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The decline of son preference and rise of gender indifference in Taiwan since 1990

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  • Tin-chi Lin

    (Liberty Mutual Research Institute for Safety)

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    Abstract

    This study explores the change of married women’s sex preference for children in Taiwan since 1990, finding that there was a substantial decline of son preference and rise of “gender indifferenceâ€, defined as feeling indifferent about children’s sex (as opposed to desiring an equal number of boys and girls, in which the sex of children is still a primary consideration). Results show that at the individual level female education was the strongest predictor for the preference; education was negatively associated with son preference and positively with gender indifference. Cohort difference was noticeable as well. Younger cohorts were better educated than older ones hence they were more neutral about the sex and less adherent to the traditional male preference. In addition from 1992 to 2002 there was a universal intra cohort movement toward gender neutrality and away from son preference. When the younger cohorts gradually replaced the older ones as the main child bearers in Taiwanese society, at the aggregate level son preference declined and gender indifference rose.

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    File URL: http://www.demographic-research.org/volumes/vol20/16/20-16.pdf
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    Bibliographic Info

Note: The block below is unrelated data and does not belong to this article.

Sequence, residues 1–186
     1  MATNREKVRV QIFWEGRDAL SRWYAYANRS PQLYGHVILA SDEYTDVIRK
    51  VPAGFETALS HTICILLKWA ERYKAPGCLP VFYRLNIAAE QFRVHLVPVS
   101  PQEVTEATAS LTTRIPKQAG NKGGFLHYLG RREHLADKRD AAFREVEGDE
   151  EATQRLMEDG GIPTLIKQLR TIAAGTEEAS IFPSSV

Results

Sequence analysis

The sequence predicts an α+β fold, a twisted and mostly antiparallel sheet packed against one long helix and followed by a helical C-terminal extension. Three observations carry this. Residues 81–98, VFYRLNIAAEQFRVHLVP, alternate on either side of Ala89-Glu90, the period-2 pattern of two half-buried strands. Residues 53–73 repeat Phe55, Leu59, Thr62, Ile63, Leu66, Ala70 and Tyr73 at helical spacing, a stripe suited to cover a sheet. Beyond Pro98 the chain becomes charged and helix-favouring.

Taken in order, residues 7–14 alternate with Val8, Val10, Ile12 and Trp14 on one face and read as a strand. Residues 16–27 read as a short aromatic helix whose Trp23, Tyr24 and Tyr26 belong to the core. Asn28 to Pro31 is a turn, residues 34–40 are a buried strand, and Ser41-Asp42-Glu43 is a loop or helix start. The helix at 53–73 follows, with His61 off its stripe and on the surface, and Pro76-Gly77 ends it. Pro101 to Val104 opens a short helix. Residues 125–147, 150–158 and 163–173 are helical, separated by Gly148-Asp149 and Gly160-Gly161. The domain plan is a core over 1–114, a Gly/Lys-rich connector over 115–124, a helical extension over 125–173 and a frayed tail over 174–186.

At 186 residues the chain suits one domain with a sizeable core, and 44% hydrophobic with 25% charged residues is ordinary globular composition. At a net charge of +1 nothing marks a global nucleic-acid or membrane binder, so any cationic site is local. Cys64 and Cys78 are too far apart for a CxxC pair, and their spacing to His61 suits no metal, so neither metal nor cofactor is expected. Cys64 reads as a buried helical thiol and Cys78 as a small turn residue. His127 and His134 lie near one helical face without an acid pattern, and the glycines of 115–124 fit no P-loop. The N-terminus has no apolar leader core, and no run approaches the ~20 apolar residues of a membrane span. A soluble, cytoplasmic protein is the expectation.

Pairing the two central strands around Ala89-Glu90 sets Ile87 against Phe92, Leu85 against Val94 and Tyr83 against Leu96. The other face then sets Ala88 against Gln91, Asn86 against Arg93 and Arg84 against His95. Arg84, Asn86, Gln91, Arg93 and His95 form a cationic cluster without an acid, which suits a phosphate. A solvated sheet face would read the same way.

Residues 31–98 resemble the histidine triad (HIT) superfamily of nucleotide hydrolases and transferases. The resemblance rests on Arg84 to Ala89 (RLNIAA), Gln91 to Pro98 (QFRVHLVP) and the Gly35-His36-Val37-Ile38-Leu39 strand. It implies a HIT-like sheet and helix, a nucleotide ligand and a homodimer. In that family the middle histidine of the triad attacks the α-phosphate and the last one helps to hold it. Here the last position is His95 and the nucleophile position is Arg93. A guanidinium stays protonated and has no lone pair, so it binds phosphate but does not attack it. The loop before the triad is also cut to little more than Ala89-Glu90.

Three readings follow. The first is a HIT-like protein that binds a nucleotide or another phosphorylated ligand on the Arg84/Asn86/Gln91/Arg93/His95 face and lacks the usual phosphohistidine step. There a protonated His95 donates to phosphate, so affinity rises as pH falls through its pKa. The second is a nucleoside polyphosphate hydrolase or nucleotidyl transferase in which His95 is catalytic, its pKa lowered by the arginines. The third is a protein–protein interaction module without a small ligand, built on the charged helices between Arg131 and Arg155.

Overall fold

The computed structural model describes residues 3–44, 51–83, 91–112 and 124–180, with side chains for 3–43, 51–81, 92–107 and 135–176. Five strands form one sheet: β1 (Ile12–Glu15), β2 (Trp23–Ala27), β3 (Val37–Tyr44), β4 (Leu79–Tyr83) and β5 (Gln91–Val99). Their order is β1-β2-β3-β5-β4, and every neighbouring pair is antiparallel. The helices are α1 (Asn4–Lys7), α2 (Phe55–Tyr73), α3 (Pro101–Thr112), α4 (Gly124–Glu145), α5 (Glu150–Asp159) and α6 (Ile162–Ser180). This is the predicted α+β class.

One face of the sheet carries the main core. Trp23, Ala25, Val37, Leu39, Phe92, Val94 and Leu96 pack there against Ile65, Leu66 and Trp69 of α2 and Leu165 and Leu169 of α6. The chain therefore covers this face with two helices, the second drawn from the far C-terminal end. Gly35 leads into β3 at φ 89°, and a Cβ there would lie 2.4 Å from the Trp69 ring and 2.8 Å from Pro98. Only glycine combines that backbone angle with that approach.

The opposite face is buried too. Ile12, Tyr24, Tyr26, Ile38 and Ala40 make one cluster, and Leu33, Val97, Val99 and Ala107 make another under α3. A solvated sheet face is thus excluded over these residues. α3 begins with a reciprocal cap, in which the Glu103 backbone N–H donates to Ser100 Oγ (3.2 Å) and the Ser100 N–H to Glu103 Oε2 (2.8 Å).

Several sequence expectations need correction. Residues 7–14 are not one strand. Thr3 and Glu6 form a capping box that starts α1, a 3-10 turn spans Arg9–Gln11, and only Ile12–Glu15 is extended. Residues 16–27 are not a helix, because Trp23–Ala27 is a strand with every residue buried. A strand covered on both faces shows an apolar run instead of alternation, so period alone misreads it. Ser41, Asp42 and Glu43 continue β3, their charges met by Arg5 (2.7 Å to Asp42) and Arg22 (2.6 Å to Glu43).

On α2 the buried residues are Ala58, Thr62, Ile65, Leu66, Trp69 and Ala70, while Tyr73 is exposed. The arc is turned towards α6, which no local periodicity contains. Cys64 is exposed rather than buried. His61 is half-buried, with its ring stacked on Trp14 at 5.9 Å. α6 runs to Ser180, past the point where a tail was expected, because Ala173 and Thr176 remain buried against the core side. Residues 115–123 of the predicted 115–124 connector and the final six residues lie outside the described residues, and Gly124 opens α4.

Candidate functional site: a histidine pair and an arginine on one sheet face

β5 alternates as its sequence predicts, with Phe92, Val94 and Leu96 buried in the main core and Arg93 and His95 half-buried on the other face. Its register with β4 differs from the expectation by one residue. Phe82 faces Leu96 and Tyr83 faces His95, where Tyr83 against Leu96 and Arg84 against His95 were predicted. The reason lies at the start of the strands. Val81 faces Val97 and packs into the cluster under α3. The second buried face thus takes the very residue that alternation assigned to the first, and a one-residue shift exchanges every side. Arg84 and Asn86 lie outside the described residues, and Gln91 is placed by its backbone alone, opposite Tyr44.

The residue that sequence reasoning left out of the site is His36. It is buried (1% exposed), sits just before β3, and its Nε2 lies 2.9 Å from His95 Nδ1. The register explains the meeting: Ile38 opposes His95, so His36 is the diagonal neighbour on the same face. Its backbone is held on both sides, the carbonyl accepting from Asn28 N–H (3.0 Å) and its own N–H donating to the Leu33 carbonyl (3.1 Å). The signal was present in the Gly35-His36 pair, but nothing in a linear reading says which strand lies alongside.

Article provided by Max Planck Institute for Demographic Research, Rostock, Germany in its journal Demographic Research.

    Volume (Year): 20 (2009)
    Issue (Month): 16 (April)
    Pages: 377-402

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    Handle: RePEc:dem:demres:v:20:y:2009:i:16

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    Web page: http://www.demogr.mpg.de/

    Related research

    Keywords: education; gender indifference; son preference; Taiwan;

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    References

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    1. Kellie J. Archer & Stanley Lemeshow, 2006. "Goodness-of-fit test for a logistic regression model fitted using survey sample data," Stata Journal, StataCorp LP, vol. 6(1), pages 97-105, March.
    2. Woojin Chung & Monica Das Gupta, 2007. "The Decline of Son Preference in South Korea: The Roles of Development and Public Policy," Population and Development Review, The Population Council, Inc., vol. 33(4), pages 757-783.
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    Cited by:
    1. Tin-chi Lin & Alícia Adserà, 2013. "Son Preference and Children’s Housework: The Case of India," Population Research and Policy Review, Springer, vol. 32(4), pages 553-584, August.
    2. Zhou, Xu Dong & Wang, Xiao Lei & Li, Lu & Hesketh, Therese, 2011. "The very high sex ratio in rural China: Impact on the psychosocial wellbeing of unmarried men," Social Science & Medicine, Elsevier, vol. 73(9), pages 1422-1427.
    3. Grogan, Louise, 2013. "Household formation rules, fertility and female labour supply: Evidence from post-communist countries," Journal of Comparative Economics, Elsevier, vol. 41(4), pages 1167-1183.
    4. Lee, Chioun & Glei, Dana A. & Weinstein, Maxine & Goldman, Noreen, 2014. "Death of a child and parental wellbeing in old age: Evidence from Taiwan," Social Science & Medicine, Elsevier, vol. 101(C), pages 166-173.

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